Devils' Ben Lovejoy becomes first active NHL player to pledge brain to CTE research

NHL: New Jersey Devils at Vancouver Canucks
Lovejoy wants to raise awareness surrounding serious head injuries in hockey. USATSI

New Jersey Devils defenseman Ben Lovejoy has pledged to donate his brain to CTE research, making him the first active NHL player to do so. 

Lovejoy announced his intentions to donate his brain to the Concussion Legacy Foundation, which focuses on studying Chronic Traumatic Encephalopathy (CTE) and the effects that concussions have on the brains of athletes. Lovejoy is one of more than 2,500 athletes to commit to donating their brain for study once they die.

"I'm a believer in medicine, I'm a believer in helping the future," Lovejoy said, via NJ.com. "This summer I read an article about how many NFL players had pledged their brain and there were no current NHL players. I immediately forwarded the article to my agent, who went to (Boston University), and said, 'Can you look into this and figure out how I can do this?'"

The 33-year-old Devils blue liner hasn't had any major run-ins with head trauma during his NHL career, but he's still hoping to make a difference. He hopes that his pledge will provide insight and help create awareness that will allow future generations of players to protect themselves from serious head injuries that can having a lasting impact.

"I have had very high-profile, superstar teammates struggle with concussions, and I've had minor league role players struggle with concussion," Lovejoy said. "It's something that affects everybody in our sport. I look forward to being a part of BU, helping them find a cure, through pledging to donate my brain and raising awareness in our sport."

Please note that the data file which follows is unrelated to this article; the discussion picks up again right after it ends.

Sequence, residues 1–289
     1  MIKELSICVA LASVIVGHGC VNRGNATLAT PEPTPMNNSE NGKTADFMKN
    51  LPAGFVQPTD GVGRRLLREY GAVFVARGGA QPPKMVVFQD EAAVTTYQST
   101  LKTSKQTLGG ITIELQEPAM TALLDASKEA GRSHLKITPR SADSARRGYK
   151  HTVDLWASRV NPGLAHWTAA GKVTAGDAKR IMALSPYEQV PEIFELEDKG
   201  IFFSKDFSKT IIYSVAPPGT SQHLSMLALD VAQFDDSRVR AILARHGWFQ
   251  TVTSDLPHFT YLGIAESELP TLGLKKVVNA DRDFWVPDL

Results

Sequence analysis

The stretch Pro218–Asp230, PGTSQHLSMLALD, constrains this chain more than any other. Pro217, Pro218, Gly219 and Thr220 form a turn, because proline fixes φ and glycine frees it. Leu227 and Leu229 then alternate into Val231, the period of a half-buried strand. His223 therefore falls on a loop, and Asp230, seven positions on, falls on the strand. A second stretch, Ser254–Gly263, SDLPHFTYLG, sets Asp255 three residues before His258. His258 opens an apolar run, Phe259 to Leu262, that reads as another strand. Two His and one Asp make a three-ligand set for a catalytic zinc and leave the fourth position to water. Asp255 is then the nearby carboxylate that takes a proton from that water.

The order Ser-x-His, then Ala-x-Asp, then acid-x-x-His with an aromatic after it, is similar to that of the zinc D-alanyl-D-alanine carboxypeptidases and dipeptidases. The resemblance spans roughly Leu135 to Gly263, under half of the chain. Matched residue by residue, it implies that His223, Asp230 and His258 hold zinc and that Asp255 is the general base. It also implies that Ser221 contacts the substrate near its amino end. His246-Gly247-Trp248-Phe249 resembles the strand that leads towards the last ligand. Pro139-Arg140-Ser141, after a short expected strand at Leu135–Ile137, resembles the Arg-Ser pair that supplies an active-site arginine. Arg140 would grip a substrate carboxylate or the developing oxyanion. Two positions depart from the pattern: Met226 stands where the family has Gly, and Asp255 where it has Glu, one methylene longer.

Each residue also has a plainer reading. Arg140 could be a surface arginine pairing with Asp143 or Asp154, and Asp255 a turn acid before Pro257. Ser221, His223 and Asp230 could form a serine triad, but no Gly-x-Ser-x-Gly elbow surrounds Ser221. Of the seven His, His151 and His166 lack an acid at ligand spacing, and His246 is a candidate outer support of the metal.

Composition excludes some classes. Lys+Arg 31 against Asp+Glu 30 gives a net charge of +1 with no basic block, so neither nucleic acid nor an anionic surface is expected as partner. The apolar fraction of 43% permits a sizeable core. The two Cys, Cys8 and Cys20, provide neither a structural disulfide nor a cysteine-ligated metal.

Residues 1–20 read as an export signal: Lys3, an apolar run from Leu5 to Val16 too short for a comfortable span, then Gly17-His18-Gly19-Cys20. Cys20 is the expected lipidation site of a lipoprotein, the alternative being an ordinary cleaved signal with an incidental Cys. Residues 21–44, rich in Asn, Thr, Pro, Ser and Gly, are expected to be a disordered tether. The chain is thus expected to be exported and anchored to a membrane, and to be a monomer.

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"If people have questions and want to be involved, I will direct them, but this is a personal choice that I've made," Lovejoy said. "I don't like to tell people how to handle their bodies. If people are interested, I will absolutely direct them toward Chris. This is a sensitive issue. This is my brain, and I'm choosing to do what I want with it when I'm done."

With a rise in CTE awareness over recent years, the NHL has made a conscious effort to limit headshots and dangerous plays that can result in significant head injuries. That awareness has also sparked recurring debates over whether or not the league should ban fighting, as several former enforcers -- including Derek Boogaard, who died in 2011 at age 28 -- have been diagnosed with CTE after dying at a relatively young age.

Now that Lovejoy has committed his brain in order to raise awareness, there's a chance it could lead to some of his peers across the league doing the same. 

Pete Blackburn is from Boston, so there's a good chance you don't like him already. He has been a writer at CBS Sports since 2017 and usually aims to take a humorous and light-hearted approach to the often... Full Bio

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